This book is about images of Africa; who creates them, how they are manipulated, and what the effects are for African actors and their relationships in the wider world. While the role of image in international politics is taken seriously by practitioners and academics, no one has yet produced a systematic account of the particularly important role it plays in the relationships between Africa and the wider world. This book seeks to do this by focusing on the politics of image and Africa, broadly defined to encompass the way political elites, media organisations and individual writers and artists together construct and project images of the continent. The book explores the dynamic processes of image creation in an imaginative way. First, it brings together different disciplinary approaches. Second, it draws on experiences of a wide range of actors and forms of image, including central governments, traditional authorities, journalists, individual artists and authors. Finally, the book brings together ten researchers currently engaged in fieldwork-based research across Africa who together present an empirically rich, fresh take on an important topic.
This chapter explores theoretical bases of image. For Achille Mbembe, the image is a conduit for outsiders’ fantasies; and yet the image can project power onto the self. For Jean-Francois Bayart, the self creates a false image to project onto the world, but the image ends up shaping the self, often in unexpected ways. Building on these insights, the author suggests that image acts like a contact plate between inner self and the outer observer, the platform on which each negotiates itself in relation to the other. The image is not a passive site of negotiation: once created, it profoundly affects both inner self and outer observer. The chapter explores these ideas by looking at Wole Shonibare’s sculpture, ‘Scramble for Africa’, a life-size depiction of the 1885 Berlin Conference which divided the continent up between the European powers. The sculpture’s headless figures, dressed in Victorian frock-coats made of apparently traditional African prints, challenge and undermine images of Europeans, Africans, and the relationship between them, played out on the map of the continent.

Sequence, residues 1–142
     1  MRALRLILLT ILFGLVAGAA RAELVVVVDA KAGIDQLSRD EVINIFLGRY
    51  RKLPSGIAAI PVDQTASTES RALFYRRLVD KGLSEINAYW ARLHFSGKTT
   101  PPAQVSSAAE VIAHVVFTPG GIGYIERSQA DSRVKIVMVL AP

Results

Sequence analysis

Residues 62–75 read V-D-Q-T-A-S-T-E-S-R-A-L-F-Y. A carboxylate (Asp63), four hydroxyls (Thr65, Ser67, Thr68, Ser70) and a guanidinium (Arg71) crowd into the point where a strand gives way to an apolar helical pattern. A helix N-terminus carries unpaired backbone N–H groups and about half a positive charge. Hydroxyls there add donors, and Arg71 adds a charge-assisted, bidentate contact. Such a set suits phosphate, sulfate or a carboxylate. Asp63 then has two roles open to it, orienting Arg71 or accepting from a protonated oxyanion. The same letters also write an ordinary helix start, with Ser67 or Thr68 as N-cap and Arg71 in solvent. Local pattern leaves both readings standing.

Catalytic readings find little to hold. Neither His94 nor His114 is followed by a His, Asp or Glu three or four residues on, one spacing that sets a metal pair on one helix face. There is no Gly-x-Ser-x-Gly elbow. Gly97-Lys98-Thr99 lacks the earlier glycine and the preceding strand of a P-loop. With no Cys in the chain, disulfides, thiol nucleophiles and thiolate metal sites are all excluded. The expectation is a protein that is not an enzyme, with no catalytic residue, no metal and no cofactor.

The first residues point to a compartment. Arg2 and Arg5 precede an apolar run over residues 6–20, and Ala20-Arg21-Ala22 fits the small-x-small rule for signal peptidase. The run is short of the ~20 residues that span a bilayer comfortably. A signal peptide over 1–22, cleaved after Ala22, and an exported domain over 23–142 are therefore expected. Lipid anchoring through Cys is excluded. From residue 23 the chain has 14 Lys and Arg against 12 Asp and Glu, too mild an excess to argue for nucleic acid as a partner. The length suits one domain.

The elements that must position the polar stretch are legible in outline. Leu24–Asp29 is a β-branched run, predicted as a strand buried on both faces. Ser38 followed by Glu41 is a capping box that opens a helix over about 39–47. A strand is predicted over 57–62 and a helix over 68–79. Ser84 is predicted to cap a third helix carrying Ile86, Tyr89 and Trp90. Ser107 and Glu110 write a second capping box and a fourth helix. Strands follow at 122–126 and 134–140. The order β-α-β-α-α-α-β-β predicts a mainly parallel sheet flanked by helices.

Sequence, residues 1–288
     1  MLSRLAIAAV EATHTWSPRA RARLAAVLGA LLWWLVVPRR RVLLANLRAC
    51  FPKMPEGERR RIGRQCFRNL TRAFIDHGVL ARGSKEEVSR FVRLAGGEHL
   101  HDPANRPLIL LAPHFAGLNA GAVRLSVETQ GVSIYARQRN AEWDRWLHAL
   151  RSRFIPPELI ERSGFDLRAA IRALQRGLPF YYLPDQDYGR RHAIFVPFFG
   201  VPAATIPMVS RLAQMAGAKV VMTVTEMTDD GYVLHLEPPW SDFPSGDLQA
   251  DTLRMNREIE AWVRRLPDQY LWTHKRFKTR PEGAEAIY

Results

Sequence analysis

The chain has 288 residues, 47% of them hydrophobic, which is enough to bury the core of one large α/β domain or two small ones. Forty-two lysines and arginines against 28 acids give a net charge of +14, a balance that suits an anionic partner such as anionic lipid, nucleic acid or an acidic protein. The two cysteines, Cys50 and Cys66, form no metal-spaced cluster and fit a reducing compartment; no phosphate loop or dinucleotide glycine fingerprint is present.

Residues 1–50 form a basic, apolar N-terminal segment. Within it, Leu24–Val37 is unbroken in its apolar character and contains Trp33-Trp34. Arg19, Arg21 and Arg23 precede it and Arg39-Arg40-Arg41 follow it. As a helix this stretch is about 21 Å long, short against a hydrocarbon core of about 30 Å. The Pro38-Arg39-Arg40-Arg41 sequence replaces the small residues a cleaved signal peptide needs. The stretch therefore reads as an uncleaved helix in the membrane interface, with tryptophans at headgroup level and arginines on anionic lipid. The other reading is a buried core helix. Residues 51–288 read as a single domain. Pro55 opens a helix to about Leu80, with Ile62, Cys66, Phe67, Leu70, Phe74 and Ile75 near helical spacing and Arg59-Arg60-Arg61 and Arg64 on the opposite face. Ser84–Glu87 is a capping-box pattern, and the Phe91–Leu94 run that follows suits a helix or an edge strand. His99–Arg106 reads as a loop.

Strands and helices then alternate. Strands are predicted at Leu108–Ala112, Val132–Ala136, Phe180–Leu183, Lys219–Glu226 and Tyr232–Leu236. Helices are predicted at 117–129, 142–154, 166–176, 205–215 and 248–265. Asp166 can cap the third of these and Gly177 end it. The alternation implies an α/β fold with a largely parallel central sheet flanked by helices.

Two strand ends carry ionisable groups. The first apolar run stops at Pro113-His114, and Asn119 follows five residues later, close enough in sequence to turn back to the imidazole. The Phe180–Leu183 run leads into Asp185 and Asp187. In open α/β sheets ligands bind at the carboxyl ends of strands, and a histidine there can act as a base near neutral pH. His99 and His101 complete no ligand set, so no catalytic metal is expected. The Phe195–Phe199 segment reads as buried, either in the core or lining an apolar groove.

From troubled pan-African media to sprawling Nollywood
Julia Gallagher and V. Y. Mudimbe
In response to the perceived negative images of Africa, a number of pan-African media have emerged and are attempting to develop an alternative news narrative of the continent. However, faced with myriad challenges – both practical and ideological – most have had only limited success. Using pan-African(ist) media initiatives including the pan-African News Agency (PANA), SABC-Africa and South Africa’s Naspers-owned Multichoice as examples, the chapter addresses questions on why a successful pan-Africanist media project remains a ‘dream deferred’. The chapter challenges the conceptual framework within which some of the media initiatives are anchored. It chapter argues that the failure of pan-African media initiatives to acknowledge the continent’s diversity, even incoherence, undermines attempts to develop counter-narratives capable of telling the ‘African’ stories they claim to be pursuing. The chapter moves on to explore key political, economic and institutional challenges the pan-African media project faces, ranging from the domination of international communication structures by Transnational News Agencies, to the severe financial constraints faced by continental media upstarts. Finally, the chapter suggests ways in which we may re-conceptualise the idea of a pan-African consciousness and the pan-African(ist) media agenda.